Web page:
This diary is part of the Williams-Womble Collection. The soldier who wrote the diary was thought to be Bry Howard, the great-great uncle of Miss Faydene Barbee, the donor of the collection. According to family tradition, Howard was killed in battle while serving with the Seventh Regiment N.C. Troops. In the North Carolina Troops, 1861-1865, there was no “B. Howard” listed with that unit. But there is a William B. Howard in the 7th Regiment who enlisted August 14, 1861 and died at Gettysburg. It is likely that the soldier who wrote this diary was in fact William B. Howard since events described in it match his documented service in the Confederate army.
The diary begins on May 4, 1862 as the Seventh Regiment N.C. troops leave Kinston North Carolina and heads to Gordonsville Virginia. Howard recounts, in great detail, his company’s movements in Northern Virginia and recalls the numerous battles he fought in. The detailed information Howard provides in his diary helped us identify the battles he fought in. He also describes the amount of prisoners taken, supplies captured, as well the number of soldiers wounded and or killed after nearly every battle.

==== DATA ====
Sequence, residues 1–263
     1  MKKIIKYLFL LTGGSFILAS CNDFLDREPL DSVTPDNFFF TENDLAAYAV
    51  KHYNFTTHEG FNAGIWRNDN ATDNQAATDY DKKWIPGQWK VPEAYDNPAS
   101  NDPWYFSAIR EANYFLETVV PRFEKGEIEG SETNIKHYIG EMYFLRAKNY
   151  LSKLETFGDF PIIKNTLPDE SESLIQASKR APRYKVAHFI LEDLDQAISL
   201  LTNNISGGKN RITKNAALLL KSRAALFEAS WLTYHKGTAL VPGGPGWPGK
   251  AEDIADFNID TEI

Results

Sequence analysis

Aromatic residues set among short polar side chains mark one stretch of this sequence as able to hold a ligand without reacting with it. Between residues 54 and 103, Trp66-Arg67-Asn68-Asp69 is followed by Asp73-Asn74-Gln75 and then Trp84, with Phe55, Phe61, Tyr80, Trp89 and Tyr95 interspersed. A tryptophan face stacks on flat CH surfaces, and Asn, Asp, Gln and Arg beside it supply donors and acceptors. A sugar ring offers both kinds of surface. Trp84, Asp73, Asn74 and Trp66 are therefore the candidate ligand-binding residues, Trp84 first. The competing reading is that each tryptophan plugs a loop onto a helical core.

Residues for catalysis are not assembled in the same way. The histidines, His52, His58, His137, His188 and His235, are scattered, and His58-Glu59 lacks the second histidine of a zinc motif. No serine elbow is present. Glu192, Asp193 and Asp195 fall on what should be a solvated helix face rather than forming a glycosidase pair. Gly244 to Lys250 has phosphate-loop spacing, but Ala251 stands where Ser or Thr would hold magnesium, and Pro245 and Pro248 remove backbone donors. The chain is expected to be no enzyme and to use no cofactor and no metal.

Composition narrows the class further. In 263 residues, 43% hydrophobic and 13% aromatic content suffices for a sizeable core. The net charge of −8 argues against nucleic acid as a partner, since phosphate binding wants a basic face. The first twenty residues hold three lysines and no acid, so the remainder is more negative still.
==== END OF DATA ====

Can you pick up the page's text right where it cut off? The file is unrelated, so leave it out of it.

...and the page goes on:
Listed below are battles that Howard fought in. Each item will link you directly to the page in Howard’s diary that corresponds to the battle.
The diary ends on June 27, 1863 with Howard’s company marching into Pennsylvania
Howard seems to have very optimistic view of the war and the Confederacy. He writes of the brave men and the cause in which they fight, which is a contrast compared to letters that are also part of this collection. To view the letters from other members of the family, you can key word search Williams-Womble.